Osteitis pubis and adductor tendinopathy in athletes: a novel arthroscopic pubic symphysis curettage and adductor reattachment.

Archives of orthopaedic and trauma surgery

PubMedID: 23689650

Hopp SJ, Culemann U, Kelm J, Pohlemann T, Pizanis A. Osteitis pubis and adductor tendinopathy in athletes: a novel arthroscopic pubic symphysis curettage and adductor reattachment. Arch Orthop Trauma Surg. 2013;133(7):1003-9.
INTRODUCTION
Various surgical treatment options have been described in athletes with degenerative osteitis pubis who fail to respond to conservative treatment modalities. Although adductor longus tendinopathy often represents an additional pain generator in chronic groin pain associated with osteitis pubis, this has not been acknowledged in the surgical literature, to our knowledge. We present the results of a novel surgical technique for combined degenerative lesions of the pubic symphysis joint and the adjacent adductor longus tendon in a series of athletes with osteitis pubis.

METHODS
During 2009 and 2010, five competitive non-professional soccer players with considerable groin and pubic pain were referred to our clinic, after conservative therapy over a period of at least 12 months had failed. According to our clinical protocol for patients with groin pain, physical examination, pelvic radiographs and arthrography of the pubic symphysis to detect microlesions of the adjacent adductor longus tendons were performed. The patients diagnosed with degenerative osteitis pubis and concomitant lesion of the adductor longus origin were indicated for surgery. Surgery consisted of resection of the degenerative soft and bone tissue and subsequent reattachment with suture anchors. With regard to stability of the symphysis pubis, a two-portal arthroscopic curettage of the degenerative fibrocartilaginous disc tissue was performed. The patients were followed prospectively at medium term with assessment of general pain level (VAS score) and sport activity with pain (NIPPS score) pre- and postoperatively.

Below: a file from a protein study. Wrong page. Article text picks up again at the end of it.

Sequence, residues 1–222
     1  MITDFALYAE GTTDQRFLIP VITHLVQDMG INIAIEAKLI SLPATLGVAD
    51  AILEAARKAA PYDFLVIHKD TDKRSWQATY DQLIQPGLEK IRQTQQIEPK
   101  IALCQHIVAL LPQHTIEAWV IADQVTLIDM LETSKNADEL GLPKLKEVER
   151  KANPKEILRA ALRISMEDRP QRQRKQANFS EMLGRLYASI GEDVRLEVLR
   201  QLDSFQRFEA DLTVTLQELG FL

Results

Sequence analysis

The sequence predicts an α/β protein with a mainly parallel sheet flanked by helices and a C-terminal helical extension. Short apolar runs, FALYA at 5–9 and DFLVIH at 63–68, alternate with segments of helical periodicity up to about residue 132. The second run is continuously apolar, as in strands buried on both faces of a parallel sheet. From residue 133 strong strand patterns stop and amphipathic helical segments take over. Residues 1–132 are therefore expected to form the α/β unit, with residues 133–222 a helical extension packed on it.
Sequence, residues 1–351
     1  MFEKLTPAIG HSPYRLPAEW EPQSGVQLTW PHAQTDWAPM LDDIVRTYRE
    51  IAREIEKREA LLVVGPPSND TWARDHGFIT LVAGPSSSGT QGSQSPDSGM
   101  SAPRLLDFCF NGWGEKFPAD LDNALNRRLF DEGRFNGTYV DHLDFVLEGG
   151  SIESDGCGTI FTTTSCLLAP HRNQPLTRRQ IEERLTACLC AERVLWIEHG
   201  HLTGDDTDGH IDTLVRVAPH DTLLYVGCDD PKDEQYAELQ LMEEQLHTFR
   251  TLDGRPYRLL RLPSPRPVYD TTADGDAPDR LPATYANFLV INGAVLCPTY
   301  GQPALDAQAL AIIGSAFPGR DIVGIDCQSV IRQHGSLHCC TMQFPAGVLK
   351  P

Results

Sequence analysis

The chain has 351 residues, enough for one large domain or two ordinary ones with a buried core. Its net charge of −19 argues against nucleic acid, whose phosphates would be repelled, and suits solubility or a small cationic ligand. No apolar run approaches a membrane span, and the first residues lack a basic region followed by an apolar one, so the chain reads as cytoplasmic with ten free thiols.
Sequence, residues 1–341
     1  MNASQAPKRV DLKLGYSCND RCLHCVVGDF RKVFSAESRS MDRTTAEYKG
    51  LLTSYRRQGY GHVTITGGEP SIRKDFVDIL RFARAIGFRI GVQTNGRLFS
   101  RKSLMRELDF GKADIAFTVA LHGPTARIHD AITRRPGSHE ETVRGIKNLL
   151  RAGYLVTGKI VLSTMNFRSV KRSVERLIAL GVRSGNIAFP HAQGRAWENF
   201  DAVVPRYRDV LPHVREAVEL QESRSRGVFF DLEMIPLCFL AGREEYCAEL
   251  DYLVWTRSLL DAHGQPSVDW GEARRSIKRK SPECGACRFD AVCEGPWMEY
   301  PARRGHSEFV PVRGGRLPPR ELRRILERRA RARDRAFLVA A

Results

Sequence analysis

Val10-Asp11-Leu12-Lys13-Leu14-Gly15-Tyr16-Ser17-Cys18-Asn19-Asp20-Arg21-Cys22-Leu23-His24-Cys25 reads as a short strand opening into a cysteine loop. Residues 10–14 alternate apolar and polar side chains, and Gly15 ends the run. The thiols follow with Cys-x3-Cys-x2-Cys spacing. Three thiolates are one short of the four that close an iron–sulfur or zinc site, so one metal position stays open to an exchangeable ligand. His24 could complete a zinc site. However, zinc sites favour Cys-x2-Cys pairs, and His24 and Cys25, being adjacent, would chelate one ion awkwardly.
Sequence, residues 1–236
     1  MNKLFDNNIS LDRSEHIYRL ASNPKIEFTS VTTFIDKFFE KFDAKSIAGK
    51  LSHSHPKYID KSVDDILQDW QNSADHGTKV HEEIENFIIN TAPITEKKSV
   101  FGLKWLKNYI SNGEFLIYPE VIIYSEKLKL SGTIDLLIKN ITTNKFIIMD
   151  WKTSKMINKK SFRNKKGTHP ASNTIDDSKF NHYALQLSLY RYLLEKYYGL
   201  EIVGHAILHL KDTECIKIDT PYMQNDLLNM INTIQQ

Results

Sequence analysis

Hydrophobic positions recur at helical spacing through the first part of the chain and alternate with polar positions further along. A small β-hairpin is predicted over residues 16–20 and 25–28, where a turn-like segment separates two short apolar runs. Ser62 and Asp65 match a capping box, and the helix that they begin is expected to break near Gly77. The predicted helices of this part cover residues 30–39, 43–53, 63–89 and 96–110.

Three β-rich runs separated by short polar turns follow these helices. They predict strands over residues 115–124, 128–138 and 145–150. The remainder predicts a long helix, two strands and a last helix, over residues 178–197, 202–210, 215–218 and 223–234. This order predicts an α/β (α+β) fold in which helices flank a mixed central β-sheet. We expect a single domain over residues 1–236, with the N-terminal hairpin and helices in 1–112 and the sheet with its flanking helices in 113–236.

RESULTS
All patients recovered to full activity sports after an average period of 14.4 weeks. VAS and NIPPS scores markedly improved and overall satisfaction with the postoperative result was high. One intraoperative bleeding occurred, needing revision surgery. None of the patients developed pubic instability due to pubic symphysis curettage in the sequel.

CONCLUSIONS
This novel surgical technique combines successfully stability-preserving arthroscopic pubic symphysis curettage with adductor debridement and reattachment in well-selected cases of athletes suffering from degenerative osteitis pubis and concomitant adductor pathology, being refractory to conservative treatment. Diligent preoperative evaluation of the specific pathology will lead to successful outcome.